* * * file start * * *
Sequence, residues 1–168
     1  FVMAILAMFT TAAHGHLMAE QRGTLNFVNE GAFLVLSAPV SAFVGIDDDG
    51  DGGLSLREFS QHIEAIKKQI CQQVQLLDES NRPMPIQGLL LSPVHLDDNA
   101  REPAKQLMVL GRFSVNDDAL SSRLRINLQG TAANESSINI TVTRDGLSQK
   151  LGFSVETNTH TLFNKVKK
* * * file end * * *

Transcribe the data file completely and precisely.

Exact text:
Sequence, residues 1–168
     1  FVMAILAMFT TAAHGHLMAE QRGTLNFVNE GAFLVLSAPV SAFVGIDDDG
    51  DGGLSLREFS QHIEAIKKQI CQQVQLLDES NRPMPIQGLL LSPVHLDDNA
   101  REPAKQLMVL GRFSVNDDAL SSRLRINLQG TAANESSINI TVTRDGLSQK
   151  LGFSVETNTH TLFNKVKK